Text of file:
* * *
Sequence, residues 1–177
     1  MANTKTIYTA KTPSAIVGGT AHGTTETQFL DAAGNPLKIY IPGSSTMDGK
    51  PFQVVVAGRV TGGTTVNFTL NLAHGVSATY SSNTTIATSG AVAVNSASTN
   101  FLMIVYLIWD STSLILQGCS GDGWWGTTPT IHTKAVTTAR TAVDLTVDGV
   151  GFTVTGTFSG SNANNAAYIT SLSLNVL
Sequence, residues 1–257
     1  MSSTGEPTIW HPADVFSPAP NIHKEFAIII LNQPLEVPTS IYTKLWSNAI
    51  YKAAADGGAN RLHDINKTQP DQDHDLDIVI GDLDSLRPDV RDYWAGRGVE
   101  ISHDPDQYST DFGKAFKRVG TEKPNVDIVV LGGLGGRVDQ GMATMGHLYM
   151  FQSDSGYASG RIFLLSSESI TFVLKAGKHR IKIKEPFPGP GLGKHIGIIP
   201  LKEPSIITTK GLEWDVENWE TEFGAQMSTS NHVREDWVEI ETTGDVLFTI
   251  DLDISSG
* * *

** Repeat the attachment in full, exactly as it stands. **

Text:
Sequence, residues 1–177
     1  MANTKTIYTA KTPSAIVGGT AHGTTETQFL DAAGNPLKIY IPGSSTMDGK
    51  PFQVVVAGRV TGGTTVNFTL NLAHGVSATY SSNTTIATSG AVAVNSASTN
   101  FLMIVYLIWD STSLILQGCS GDGWWGTTPT IHTKAVTTAR TAVDLTVDGV
   151  GFTVTGTFSG SNANNAAYIT SLSLNVL
Sequence, residues 1–257
     1  MSSTGEPTIW HPADVFSPAP NIHKEFAIII LNQPLEVPTS IYTKLWSNAI
    51  YKAAADGGAN RLHDINKTQP DQDHDLDIVI GDLDSLRPDV RDYWAGRGVE
   101  ISHDPDQYST DFGKAFKRVG TEKPNVDIVV LGGLGGRVDQ GMATMGHLYM
   151  FQSDSGYASG RIFLLSSESI TFVLKAGKHR IKIKEPFPGP GLGKHIGIIP
   201  LKEPSIITTK GLEWDVENWE TEFGAQMSTS NHVREDWVEI ETTGDVLFTI
   251  DLDISSG